Evidence-based Training Is Necessary to Protect Children in the Family Court System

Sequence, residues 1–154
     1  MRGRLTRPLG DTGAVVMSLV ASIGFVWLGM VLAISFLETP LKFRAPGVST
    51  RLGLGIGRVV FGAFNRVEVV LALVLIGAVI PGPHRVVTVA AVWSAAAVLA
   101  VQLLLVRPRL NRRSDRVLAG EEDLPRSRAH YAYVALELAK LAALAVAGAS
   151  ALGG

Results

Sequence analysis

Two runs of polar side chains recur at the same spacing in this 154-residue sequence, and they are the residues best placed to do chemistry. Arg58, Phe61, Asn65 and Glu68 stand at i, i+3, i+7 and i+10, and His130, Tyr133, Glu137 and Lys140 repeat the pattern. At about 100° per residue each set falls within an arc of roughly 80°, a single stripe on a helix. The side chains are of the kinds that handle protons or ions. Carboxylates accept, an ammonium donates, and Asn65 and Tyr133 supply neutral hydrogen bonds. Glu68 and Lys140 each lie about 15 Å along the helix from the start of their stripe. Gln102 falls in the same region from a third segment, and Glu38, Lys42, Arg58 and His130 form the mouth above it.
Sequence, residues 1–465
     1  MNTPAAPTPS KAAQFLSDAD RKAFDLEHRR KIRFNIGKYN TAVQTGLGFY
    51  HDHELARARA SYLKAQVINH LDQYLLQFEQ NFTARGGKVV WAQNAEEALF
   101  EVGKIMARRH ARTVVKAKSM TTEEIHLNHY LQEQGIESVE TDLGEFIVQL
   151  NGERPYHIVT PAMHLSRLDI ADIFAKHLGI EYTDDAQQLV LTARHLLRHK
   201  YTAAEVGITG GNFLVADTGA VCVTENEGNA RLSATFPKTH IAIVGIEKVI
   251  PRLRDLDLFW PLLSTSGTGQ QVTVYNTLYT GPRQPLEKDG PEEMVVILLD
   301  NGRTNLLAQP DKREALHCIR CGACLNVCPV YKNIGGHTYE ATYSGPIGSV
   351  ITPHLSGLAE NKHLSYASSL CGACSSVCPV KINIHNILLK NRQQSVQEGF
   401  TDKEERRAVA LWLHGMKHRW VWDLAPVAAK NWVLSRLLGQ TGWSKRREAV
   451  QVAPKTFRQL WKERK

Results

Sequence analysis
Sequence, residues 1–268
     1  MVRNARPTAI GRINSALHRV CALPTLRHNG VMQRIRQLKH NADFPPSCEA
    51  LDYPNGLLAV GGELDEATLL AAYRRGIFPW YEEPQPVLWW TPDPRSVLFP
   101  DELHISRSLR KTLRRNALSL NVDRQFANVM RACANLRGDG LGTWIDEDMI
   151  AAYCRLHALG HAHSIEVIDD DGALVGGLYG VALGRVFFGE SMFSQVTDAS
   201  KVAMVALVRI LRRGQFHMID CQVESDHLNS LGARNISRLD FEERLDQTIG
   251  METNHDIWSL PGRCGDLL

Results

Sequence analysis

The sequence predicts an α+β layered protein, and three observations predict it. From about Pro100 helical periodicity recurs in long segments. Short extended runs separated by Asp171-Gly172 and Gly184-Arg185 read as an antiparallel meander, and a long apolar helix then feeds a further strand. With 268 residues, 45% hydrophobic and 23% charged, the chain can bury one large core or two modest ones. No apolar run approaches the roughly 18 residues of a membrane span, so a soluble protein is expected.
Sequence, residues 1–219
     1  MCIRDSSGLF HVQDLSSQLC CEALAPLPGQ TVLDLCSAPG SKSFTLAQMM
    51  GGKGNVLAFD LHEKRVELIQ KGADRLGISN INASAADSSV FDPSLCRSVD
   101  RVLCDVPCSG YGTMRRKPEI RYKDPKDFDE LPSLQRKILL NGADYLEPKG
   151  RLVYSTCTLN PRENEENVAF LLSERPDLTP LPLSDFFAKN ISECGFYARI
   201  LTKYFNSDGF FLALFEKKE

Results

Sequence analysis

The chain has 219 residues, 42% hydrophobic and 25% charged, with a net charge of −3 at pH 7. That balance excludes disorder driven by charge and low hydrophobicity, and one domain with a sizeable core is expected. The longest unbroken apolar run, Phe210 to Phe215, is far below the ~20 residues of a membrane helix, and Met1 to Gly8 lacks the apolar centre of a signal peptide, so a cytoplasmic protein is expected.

Training of family court personnel is an important step toward creating a safer environment for the children involved in custody disputes, particularly where allegations of child abuse or family violence are involved. By way of illustration, an evaluation of the judicial training program implemented by the National Council of Juvenile and Family Court Judges and the Family Violence Prevention Fund showed that family court judges overestimated their own skills and competence in handling complex custody cases involving intrafamilial violence prior to completing the training, but after six months of training were able to identify specific ways in which the training had a  positive impact on their courtroom practices in the areas of victim safety, batterer accountability, and judicial leadership. Jaffe, P., Enhancing Judicial Skills in Domestic Violence Cases: A Process and Outcome Evaluation of a National Judicial Education Program, Center for Research & Education on Violence Against Women and Children, University of Western Ontario (2010). In another study, family court professionals were asked to estimate what percentage of child abuse allegations they believed to be false. On average, they estimated that one-fourth to one-third of child abuse allegations were false, which dramatically overstates the reality.  Saunders, et. al., Child Custody Evaluators’ Beliefs About Domestic Abuse Allegations: Their Relationship to Evaluator Demographics, Background, Domestic Violence Knowledge and Custody/Visitation Recommendations, (June 2012). That study also found that more frequent workshops and lecture attendance as well as professional consultations increased the group’s correct beliefs that false allegations of violence and abuse are uncommon, that victims do not alienate children, and that domestic violence is important in custody decisions. Id.